Problem Solving Strategy (II)

This technique helps a team of two or more people resolve a problem by creating a shared experience of an appropriate resource. The idea here is that if all involved persons are aligned with each other, any conflicts they may have had between themselves are no longer a factor in their effort to solve a given problem. This technique is not only for business teams; you can use it by working with members of the same family or even couples. When there’s a problem to be solved by more than one person, their shared interest and alignment alone might give all of them a stream of creative ideas for solving the issue. Using such a strategy might also help to mediate conflicts.

Identify a resourceful experience.

Think back to a recent time in which you’ve had an experience you could define as resourceful. It should be an event in which you were fully congruent and competent, you’ve been acting like a master and you have achieved your outcome. 

Associate into this memory. See what you saw, hear what you heard, feel what you felt and notice how this acquired resourceful feeling actually feels like. Feelings can be expressed in terms of movement, so where and from where does this feeling go/come from?

Pre-mirroring a shared resource. 

Stand up facing your partner. Demonstrate the movement of your resourceful feeling to your partner. 

Show him or her how it feels. 

Do not speak, just move your body to illustrate the feeling. Stay associated with the memory. 

Post-mirroring a shared resource. 

Remain in the 1st position (associated) and mirror your partner’s response to your movements. That is, mimic your partner’s movements. 

Move to 2nd position.

Exchange places with your partner. Move to 2nd position and act as if you are him or her. Be sure to notice the movement you’ve elicited from yourself in step two, it will change. 

Move to 3rd position. 

Move to the observer position (third position), and carefully observe the both of you. What is similar? What seems different? Note the similarities and differences in the expression of the resourceful feeling’s movement that you and your partner show to each other.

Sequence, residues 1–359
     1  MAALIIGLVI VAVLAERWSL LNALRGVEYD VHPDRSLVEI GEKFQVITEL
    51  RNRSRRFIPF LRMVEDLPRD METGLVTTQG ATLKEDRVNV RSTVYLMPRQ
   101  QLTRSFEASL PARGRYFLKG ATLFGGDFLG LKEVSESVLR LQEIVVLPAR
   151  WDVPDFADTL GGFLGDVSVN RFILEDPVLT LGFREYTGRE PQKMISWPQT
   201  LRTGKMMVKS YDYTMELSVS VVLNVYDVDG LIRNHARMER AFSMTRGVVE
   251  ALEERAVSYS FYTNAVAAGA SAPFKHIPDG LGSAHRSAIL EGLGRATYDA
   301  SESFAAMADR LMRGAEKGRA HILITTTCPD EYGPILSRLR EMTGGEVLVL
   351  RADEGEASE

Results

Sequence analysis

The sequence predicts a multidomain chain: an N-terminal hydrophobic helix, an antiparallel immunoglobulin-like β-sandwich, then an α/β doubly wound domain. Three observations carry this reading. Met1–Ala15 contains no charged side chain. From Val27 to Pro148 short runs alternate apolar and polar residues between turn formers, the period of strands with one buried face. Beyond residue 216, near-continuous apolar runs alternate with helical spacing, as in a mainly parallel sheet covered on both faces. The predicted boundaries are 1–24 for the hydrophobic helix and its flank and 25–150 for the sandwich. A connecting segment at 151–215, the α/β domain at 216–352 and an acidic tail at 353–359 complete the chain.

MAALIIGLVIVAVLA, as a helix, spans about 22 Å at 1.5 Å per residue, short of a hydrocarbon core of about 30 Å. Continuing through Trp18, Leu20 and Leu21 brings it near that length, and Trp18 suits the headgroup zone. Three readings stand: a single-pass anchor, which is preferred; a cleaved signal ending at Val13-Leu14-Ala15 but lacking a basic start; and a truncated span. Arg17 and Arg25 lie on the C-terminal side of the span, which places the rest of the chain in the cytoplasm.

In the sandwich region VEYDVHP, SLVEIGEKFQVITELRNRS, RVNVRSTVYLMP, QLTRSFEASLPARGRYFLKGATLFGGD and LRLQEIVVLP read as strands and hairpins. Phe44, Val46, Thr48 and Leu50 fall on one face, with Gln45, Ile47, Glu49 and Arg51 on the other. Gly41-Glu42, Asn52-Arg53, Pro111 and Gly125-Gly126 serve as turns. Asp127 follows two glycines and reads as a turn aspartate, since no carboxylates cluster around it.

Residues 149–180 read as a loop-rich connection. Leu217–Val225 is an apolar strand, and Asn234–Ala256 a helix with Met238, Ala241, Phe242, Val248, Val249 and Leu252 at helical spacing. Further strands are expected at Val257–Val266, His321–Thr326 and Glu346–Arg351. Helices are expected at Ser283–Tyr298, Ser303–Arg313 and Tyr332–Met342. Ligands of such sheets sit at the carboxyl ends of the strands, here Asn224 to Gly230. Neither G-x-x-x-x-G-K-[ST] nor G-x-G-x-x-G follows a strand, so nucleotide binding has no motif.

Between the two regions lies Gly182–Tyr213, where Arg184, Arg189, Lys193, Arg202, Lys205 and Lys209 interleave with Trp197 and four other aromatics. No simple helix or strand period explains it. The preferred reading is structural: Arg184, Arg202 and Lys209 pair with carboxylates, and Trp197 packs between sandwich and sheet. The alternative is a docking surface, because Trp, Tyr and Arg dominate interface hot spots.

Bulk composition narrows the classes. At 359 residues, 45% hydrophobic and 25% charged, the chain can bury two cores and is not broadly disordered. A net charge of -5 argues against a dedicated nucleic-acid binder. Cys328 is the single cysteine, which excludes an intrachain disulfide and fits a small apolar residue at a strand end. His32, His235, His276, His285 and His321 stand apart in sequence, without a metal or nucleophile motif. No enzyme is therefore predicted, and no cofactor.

Back to 1st position, facing same direction. 

Move back to the first position, fully associated with the resourceful memory. You and your partner should now face the same direction, standing side by side. Now both of you begin again the resourceful feeling’s movement (each their own), and continue until you find a similar move. It can be anything, long or short, rapid or slow. This is the “we” zone. 

For teams: repeat with pairs.

If you’re doing this technique with multiple teams, work in pairs and then combine them. Repeat in the same manner so that all four, six, or eight, and so on, are eventually aligned with a shared movement that gives each his or her own subjective resourceful experience, but at the same time it is a shared one. 

Testing is easy. It involves the solution of the problem at hand! Team up and work on the problem; every time you face a conflict, re-group the same direction format and use the shared movement maneuver. If you feel a sense of “we are going to solve this one together,” you have accomplished this exercise successfully. If not, it needs to be repeated, perhaps with a stronger subjective resourceful experience of each team member. When working with teams of people that you don’t know personally, work hard first on establishing group rapport with them and establishing your position as a leader. Even if the team’s current leader (a boss, a manager, a supervisor) is present, make sure that he or she knows in advance that you’re taking this approach in order to help the group come together and not to take over his or her responsibilities or authority. The best way to initially establish leadership is to use the one-up-man-ship concept. 

That’s a concept that has been in use by churches for years. Notice how the priest is standing always higher than the public, always in fancier and special clothing, always looking calm and in control, always moving with intention, and always speaking with confidence. 

You can do the same in any setting. In business situations, dress as if you own the place and you’re the richest guy around. Walk in a consistent rhythm, not too fast and not too slow, look around and speak to mere strangers with confidence and never ever apologize. Even if you’re late, do not say “I’m sorry I’m late, but I had this or that….” Say something like, “I know I’m late so we’d better start now.” 

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